Episode 42, "His Name Is Unknown"
Synopsis: Kimbley dies after tranmuting Alphonse, who will slowly become explosive. Lust appears and Scar rejects her. Beneath the city, Edward battles both Sloth and Wrath, subduing them. Mustang, Hawkeye, and Armstrong confront Archer and Tucker on their collusion, but chimeras are released to attack them. Scar puts his brother's locket on Alphonse to keep Lust from him and sacrifices his arm to transform Al into a different material. He plans to turn Al into the Philosopher's Stone to save his life, but Lust dislikes the idea. Edward tells Rose and Lyra to scatter with the people of Lior and tell people about what happened. In town, Scar is shot several times when he throws himself in front of Lust to protect her, despite knowing she can heal. He reveals that he loved the woman she was made to bring back and resented his brother, but loved him and is jealous of the bond between the Elric brothers. Edward tries to prevent Archer from ordering his troops in, but the colonel goes ahead anyway. Walking out into the carving for the array, Scar lies down, dying as he ignites the transmutation. The charging soldiers are swallowed up by the light. Roy and his group defeat the chimeras, getting the news about the light in Lior. Edward finds Alphonse in the ruins of the town, and discovers his brother's been turned into the Philosopher's Stone.
This is one of my favorite episodes of Fullmetal Alchemist. Really one of my favorite episodes of any anime, period. It has this big emotional impact, is a new turning point for the story, and ends a character arc pretty well. The art is good, the animation is good, the voice acting (at least, in the Japanese version) is excellent, and the music all fits well and is beautiful. I haven't been so fond of an episode of this show since episode 34.
Scar meets his end in this episode, succeeding in his gamble to create a Philosopher's Stone by sacrificing soldiers, but also having to sacrifice his life in the process. More to the point, he sacrifices himself not really to fulfill his goal, but to save Alphonse Elric. He does burden Al with the Philosopher's Stone, but to save his life. After all is said and done, Scar recognizes that the love between the Elric brothers is something he envies, as he simultaneously resents and misses his own brother. His admission of this in his talk with Lust is one of my favorite moments in the series. It's a very poignant scene.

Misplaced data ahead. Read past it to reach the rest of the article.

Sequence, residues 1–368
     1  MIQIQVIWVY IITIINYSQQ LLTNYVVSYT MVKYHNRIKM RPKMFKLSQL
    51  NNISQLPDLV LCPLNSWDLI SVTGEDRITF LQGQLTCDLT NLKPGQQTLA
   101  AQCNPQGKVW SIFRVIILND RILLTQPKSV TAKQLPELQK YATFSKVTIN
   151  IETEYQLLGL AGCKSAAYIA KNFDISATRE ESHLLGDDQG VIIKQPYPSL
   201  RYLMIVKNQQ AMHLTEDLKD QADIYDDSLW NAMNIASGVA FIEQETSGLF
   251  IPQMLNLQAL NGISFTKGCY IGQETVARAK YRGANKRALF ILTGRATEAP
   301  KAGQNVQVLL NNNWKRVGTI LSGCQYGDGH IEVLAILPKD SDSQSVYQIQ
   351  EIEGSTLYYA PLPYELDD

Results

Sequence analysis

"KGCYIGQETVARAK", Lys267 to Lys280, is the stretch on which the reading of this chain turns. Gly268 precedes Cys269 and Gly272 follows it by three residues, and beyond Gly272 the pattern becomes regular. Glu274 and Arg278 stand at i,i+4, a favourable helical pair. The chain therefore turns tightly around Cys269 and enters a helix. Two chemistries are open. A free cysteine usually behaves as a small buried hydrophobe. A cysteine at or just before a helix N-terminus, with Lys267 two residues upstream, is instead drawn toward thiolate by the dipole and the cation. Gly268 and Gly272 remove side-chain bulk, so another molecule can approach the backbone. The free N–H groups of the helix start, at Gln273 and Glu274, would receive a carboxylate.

This is an episode that ends up causing a real change in Lust, as well. She comes to make sure that Scar creates the Philosopher's Stone, with no interest in Alphonse, and is even angered when Scar gives the Stone to Al. She desperately seeks to become a human being, and is confused at Scar's behavior in sacrificing his power to somebody else, because it's something she would naturally never do. More to the point, she has a fascination with Scar and what he has to say about his brother, probably due to some residual memories of who she was intended to come back as. My favorite Lust scene in this episode is when Scar throws himself in front of her to protect her from bullets and she chides kills the soldiers and chides him, telling him she wouldn't die so easily. She can't understand sacrificing oneself for others but you can tell she wants to understand it. She wants to be human.
Archer's bloodthirst causes what probably should be his demise in this episode, as even Edward's warning to him falls on deaf ears. He wanted his massacre and he got it, but in a very different way. I'm not sure what he had in mind when he left those chimeras to attack Roy and the gang, though. He was probably not thinking straight, as he was desperate to distinguish himself in battle. He could have easily gotten out of that situation by explaining that the Fuher authorized his actions, but then he might have been detained in the meantime and miss the battle. He's almost a tragic character. Almost.
Finally, a true Philosopher's Stone has been created. Unfortunately, it's been created in Alphonse. I wonder what the mechanics of that is. Is each individual part of him part of the Stone or just the main body? Like, if you remove the head, is that also part of the Stone?
A minor nitpick I have with this episode is, how was Scar able to throw Kimbley's body off that building without any arms? How'd he get up there? Was he dragging Kimbley with his teeth?
This episode still gets to me today. The next few episodes aren't quite as good, but they do set up the conclusion.
5 out of 5